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Scroll Saws

W.P. Wood, Scroll Sawing Machine, NBo. 14,339. Patented Feb. 26, 1856. Source: DATAMP

The first complete fret saw machine was made by H. L. Beach, of Montrose, Pennsylvania. Motion was given to the saw by an adjustable friction pulley on the crank shaft, and the speed could be varied at will by the operator depressing the treadle.

The saw guides were adjustable laterally and transversely to line, or to give any desired rake to the saw; the cross heads were also adjustable for wear. Tension was given to the saw by a ratchet gear. The working parts were suspended to a wrought-iron tubular shaft, which was held in place by a box and lever, and balanced by a spring. An adjustable steel bearing supported the back of the saw, and it could also be used to hold down the work. An air pump for removing the sawdust was attached to the cross head.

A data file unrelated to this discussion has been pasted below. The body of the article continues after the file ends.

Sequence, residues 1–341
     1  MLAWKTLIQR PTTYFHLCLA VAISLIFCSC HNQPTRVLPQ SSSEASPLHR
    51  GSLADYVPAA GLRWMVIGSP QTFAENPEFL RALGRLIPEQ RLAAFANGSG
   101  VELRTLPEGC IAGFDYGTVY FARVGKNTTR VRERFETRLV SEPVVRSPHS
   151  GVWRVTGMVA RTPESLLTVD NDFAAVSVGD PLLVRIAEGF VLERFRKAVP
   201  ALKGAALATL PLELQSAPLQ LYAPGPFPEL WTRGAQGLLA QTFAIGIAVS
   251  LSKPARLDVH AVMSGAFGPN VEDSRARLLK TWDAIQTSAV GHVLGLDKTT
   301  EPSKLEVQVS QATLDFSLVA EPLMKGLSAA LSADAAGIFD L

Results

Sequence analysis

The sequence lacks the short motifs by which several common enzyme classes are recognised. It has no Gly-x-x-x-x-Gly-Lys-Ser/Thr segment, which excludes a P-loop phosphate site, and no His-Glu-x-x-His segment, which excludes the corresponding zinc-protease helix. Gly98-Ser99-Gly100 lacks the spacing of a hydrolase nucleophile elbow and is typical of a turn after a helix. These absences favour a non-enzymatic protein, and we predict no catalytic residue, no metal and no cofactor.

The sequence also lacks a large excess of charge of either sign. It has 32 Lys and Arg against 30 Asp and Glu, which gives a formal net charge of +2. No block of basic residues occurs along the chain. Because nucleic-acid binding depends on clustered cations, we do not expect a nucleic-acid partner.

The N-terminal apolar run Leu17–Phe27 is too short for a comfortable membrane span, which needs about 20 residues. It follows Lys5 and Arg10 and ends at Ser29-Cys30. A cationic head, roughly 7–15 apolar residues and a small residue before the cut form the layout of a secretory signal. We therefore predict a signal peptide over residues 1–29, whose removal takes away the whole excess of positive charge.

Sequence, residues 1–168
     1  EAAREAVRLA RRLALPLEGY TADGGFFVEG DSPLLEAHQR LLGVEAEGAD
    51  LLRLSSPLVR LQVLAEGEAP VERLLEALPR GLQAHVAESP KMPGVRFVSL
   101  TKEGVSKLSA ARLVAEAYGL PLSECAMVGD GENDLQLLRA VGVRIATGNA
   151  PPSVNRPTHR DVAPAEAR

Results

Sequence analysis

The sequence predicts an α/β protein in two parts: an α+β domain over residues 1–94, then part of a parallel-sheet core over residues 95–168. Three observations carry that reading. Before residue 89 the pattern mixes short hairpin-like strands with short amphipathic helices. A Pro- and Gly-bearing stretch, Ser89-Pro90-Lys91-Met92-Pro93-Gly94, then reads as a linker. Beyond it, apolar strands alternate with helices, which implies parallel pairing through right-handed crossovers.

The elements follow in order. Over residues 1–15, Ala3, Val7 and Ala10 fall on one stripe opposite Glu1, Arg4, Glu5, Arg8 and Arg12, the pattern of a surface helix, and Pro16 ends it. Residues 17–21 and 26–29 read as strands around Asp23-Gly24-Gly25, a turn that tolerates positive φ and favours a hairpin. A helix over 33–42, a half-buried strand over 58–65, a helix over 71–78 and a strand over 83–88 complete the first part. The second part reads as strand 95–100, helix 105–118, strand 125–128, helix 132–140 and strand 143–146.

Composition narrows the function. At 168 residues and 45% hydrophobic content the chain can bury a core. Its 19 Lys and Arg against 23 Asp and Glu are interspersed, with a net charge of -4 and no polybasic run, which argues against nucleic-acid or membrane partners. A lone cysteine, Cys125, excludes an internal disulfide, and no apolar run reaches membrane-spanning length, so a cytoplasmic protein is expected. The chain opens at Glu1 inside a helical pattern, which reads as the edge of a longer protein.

Mr. W. J. Cunningham, of London, patented about 1865 a combined fret saw and drilling machine, of very simple construction.

A Short History of Woodworking Machinery, from the 1920 edition of the William H. Field Company Field's Wood Working Machinery Reference Book, Old Woodworking Machines

 

 
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